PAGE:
With Halloween next week, what could be more appropriate than a discussion about Bones and Candy, right?!
The Western diet, high in protein and sugar is associated with an increase in all kinds of metabolic conditions from cardiovascular disease and Type II Diabetes Mellitus to osteopenia and osteoporosis. As a Chiropractor, bone density is a very important topic and it deserves some discussion.
Let’s take a closer look at how our bones function in the human body. Our bones provide a framework for our muscles to hang upon. They create a safe space for our organs to live. They act as levers to allow us to move. These are all things that we have been told about before. But, did you know that your bones are actually the largest mineral reservoir in the body? From Guyton and Hall’s Textbook of Medical Physiology we know the following. Our bones are constantly in flux with minerals like calcium, phosphate, and magnesium being borrowed and stored to maintain our body’s pH. 99% of the body’s calcium and over half of it’s magnesium is stored in bone.
pH refers to how acidic or alkaline the body is. We live within a tight tolerance and have several systems that make sure that this is regulated. Body fluids can push the balance one way or another within a fraction of a second, the respiratory system can make changes in minutes by changing our breathing to either eliminate or preserve CO2, and the kidneys respond slowly but are the most powerful buffers of pH in the body. This is where we will focus.
When the body has an acidic environment, our body fluids, breathing, and kidneys work to shift it back to the middle. Our body increases the free calcium in extracellular fluid to correct the imbalance which tells the kidneys to excrete magnesium in urine. These minerals are usually sourced from our bones.
Now that we have reviewed the physiology of the pH balance system, let’s apply it to everyday life.
When we have a diet that causes our body to trend toward acidity, this buffer system is continually pulling minerals from bone. Odds are, more quickly than we can effectively store it.
Think of your bones like a bank. There is a bank balance that is your bone density. When your body needs to borrow some, it makes a withdraw. When it takes in calcium and magnesium from food, it deposits. This system works well when it is balanced. However, osteopenia and osteoporosis happen when you overdraw the account.
Therefore, it is important to balance the budget. Reduction in sugar consumption can help to reduce the withdraws being made from your bones. Improving absorption of dietary minerals helps you to build up your account.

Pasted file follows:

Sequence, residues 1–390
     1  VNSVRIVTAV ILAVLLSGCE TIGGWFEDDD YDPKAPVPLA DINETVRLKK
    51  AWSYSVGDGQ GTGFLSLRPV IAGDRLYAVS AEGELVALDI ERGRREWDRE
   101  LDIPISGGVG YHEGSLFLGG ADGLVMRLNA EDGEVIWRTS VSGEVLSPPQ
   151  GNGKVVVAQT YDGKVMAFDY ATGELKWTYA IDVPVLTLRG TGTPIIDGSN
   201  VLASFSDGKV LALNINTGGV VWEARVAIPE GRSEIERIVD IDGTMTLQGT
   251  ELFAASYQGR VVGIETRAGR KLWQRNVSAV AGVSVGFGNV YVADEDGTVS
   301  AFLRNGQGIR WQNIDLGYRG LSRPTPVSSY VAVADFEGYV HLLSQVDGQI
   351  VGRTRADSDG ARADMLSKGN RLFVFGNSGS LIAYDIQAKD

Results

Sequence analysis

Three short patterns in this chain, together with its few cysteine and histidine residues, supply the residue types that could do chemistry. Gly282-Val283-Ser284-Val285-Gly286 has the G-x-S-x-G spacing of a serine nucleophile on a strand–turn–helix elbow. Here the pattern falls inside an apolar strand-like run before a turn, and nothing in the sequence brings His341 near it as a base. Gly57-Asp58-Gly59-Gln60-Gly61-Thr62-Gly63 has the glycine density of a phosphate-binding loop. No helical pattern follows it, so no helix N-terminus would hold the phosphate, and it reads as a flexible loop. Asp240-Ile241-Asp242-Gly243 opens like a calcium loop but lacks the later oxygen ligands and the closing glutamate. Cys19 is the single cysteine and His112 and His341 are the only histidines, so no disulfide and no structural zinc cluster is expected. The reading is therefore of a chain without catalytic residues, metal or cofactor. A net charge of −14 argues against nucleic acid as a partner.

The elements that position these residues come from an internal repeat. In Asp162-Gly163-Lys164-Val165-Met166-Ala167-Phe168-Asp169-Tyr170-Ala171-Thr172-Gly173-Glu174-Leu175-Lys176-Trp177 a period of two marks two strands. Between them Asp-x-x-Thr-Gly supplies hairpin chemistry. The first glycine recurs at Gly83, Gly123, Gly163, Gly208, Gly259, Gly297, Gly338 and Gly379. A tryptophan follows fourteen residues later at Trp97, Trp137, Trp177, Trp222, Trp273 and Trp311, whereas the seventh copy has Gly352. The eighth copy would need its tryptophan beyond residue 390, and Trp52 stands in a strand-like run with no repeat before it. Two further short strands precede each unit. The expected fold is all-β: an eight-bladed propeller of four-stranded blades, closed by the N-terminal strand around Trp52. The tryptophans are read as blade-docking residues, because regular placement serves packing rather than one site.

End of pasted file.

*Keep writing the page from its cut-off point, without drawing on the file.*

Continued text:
Guyton and Hall  discuss the importance of Vitamin D in the absorption of calcium. They report the following mechanisms:
- increases intestinal calcium absorption by helping the cells to form calcium binding proteins within 2 days.
- helps to improve phosphate absorption (another important mineral in bone).
- helps to decrease kidney excretion of calcium and phosphate.
- promotes bone calcification by transporting ions through cell membranes
This lets us know that appropriate Vitamin D levels are important in healthy bones. Many people in the northern hemisphere do not make or consume enough vitamin D to have adequate levels when tested in the blood. This is an important conversation to have with your primary care physician.
Bone density is much more complex than just the biochemistry/physiology; however, there are some tried and true methods for helping to improve your bone density:
Improve your diet. Reduce acidic foods, especially grains and sugars. Consume more green leafy vegetables.
Get your vitamin D levels evaluated.
Start participating in weight bearing exercise! Bone responds to stress. If you do not ask your bones to do work, they do not store as many minerals.
As always, please remember: This blog is intended to provide you with tools and information about the human body. Please speak with your own health care provider before making major lifestyle changes.
Below is a citation for Guyton and Hall.
Guyton, Arthur C., and John E. Hall. “Textbook of Medical Physiology.” Textbook of Medical Physiology, 11th ed., Elsevier Saunders, 2007, pp. 371–985.
For additional reading on the topic, check out these links: